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Beach Closures Will Affect Waikiki For Next 2 Months

Waikiki Beach Closures Will Affect Beach Access Until March

The Hawaii Department of Land and Natural Resources is overseeing the beach reclamation project that began January 9th.  The projected completion date is mid-to-late March, weather permitting.  This is the first time that a “reclamation” effort is being undertaken by dredging sand from offshore and putting it back on the beaches of Waikiki.  For the past 60+ years, sand has been brought in from Papohaku Beach on Molokai.

This effort is necessary periodically to restore the sandy beach area which erodes over time by waves and current.  This recycling of sand is a much more efficient approach, and lessens any environmental impact associated with relocating sand from Molokai to Waikiki.

The project involves recovery of up to 24,000 cubic yards of sand from recovery areas located 1,500 to 3,000 feet offshore of the project area in a water depth of about 10 feet to 20 feet.  They will also be removing two deteriorated groin structures as part of this project.  The end result should widen the beach by 10-30 feet along a 1700′ stretch of shoreline.

However, if you are planning on staying in Waikiki between now and the completion of this project in March, you will experience some inconvenience in having temporary sections of  beach closures.

The following Waikiki Beach closures are scheduled:

• The east Kuhio Beach Park swim basin and beaches — starting Tuesday, January 10th.  The area is set to reopen on March 31.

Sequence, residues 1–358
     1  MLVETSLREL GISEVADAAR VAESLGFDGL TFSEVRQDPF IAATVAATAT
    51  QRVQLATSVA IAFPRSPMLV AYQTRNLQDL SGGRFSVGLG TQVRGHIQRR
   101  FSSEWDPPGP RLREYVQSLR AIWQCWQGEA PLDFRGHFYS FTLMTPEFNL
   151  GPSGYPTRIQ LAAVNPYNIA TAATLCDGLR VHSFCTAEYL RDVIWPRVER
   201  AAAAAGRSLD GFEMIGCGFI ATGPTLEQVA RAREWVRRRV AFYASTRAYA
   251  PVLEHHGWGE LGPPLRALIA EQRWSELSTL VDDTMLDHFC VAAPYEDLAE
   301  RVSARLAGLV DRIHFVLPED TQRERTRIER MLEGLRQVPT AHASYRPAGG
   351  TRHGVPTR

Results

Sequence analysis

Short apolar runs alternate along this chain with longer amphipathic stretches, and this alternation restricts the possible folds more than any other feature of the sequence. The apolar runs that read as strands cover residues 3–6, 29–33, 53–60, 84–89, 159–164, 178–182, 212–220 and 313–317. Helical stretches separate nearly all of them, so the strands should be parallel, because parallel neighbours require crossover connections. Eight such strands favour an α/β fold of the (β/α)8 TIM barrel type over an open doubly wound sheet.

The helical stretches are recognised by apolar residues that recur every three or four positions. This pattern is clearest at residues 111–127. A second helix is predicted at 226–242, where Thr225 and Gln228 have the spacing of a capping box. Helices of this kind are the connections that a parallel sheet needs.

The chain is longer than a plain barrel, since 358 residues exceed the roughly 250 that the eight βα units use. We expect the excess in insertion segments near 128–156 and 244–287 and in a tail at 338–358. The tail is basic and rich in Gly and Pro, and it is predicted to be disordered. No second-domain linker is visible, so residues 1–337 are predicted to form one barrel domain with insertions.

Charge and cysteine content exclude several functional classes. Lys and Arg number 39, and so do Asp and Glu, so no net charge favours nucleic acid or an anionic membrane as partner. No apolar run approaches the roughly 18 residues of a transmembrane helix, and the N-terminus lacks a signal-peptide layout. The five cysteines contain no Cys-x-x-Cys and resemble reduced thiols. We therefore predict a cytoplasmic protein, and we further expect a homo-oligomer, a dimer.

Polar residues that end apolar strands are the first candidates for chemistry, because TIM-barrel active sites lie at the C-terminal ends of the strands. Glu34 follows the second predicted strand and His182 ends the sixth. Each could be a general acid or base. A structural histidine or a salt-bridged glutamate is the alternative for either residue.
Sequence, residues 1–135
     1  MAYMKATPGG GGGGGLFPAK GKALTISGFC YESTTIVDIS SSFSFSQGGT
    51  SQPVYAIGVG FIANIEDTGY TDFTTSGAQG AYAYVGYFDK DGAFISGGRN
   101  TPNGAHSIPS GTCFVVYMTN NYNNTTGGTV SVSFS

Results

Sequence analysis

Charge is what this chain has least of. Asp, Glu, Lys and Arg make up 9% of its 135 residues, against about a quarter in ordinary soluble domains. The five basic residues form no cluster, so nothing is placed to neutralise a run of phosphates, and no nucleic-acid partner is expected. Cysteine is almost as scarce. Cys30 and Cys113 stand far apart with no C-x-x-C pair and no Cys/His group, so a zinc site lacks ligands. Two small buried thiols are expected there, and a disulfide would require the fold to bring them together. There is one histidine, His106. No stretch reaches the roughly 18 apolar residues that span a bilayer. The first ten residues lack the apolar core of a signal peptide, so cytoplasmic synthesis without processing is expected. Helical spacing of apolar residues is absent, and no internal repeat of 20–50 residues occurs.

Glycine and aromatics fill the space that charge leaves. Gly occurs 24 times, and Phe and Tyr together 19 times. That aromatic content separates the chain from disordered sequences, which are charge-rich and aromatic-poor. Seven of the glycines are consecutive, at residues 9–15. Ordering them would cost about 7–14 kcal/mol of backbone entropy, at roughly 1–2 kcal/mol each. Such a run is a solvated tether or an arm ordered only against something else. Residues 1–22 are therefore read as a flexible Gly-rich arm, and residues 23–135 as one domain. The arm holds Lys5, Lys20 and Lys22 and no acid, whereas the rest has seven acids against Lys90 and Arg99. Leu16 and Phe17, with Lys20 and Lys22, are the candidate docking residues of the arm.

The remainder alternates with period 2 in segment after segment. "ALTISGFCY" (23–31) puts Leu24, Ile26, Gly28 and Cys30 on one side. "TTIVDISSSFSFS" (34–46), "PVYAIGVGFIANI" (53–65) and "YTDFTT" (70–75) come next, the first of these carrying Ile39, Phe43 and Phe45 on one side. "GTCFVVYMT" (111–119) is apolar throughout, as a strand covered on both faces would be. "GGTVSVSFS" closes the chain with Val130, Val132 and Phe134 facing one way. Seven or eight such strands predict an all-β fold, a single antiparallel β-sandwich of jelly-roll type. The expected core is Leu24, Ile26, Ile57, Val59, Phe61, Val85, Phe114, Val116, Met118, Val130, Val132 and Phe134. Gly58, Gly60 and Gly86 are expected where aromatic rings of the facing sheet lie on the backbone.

• The beach adjacent to the west Kuhio Beach Park swim basin will be closed for two or three days while the deteriorated groins are being removed — starting Tuesday, Jan. 10th.

• The area around the active sand placement operation will be closed on a daily basis.  The rolling beach closures will be about 200 feet wide and will migrate from west to east from the Royal Hawaiian groin to the west Kuhio Beach Park swim basin.

Waikiki, the quintessential Hawaiian landmark!

The economic value of Waikiki Beach to Hawaii‘s visitor industry and the economic success of Waikiki as a visitor destination are extremely significant. The estimated socio-economic loss to the state would be quite high if Waikiki Beach is not maintained and is allowed to erode away – a $2 billion loss in overall visitor expenditures, a $150 million loss in tax revenue, and a job loss of 6,350 people.

For information about the Department of Land and Natural Resources Waikiki Beach reclamation project, click here. For daily project updates, click here.


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